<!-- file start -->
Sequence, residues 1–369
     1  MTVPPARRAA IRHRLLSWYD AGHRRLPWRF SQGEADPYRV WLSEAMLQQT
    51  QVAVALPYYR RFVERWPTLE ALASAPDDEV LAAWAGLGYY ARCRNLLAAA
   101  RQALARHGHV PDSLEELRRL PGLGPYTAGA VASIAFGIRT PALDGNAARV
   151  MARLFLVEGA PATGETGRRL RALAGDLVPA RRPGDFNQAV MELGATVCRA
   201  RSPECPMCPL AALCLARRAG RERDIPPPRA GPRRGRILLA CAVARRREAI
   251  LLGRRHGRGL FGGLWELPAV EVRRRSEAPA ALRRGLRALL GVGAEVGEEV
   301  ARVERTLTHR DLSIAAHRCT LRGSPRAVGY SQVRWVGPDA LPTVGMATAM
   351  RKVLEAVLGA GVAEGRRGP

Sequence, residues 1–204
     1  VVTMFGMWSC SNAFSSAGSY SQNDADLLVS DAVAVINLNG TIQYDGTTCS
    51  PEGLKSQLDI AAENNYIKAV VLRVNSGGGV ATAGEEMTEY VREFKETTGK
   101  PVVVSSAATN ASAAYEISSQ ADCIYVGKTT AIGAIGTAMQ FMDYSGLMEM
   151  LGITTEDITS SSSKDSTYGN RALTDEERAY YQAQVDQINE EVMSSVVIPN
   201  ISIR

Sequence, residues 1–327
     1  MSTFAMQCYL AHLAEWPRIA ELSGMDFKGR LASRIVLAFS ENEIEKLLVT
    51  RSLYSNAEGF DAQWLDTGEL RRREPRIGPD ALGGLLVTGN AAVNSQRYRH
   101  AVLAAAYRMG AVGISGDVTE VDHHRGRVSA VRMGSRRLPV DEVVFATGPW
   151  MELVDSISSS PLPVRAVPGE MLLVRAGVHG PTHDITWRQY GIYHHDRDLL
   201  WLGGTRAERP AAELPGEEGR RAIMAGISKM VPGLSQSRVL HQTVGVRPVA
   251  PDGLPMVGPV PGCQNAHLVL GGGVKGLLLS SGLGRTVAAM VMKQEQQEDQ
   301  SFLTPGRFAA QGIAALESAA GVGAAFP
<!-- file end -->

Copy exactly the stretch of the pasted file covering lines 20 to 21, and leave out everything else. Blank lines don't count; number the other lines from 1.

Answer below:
   151  MELVDSISSS PLPVRAVPGE MLLVRAGVHG PTHDITWRQY GIYHHDRDLL
   201  WLGGTRAERP AAELPGEEGR RAIMAGISKM VPGLSQSRVL HQTVGVRPVA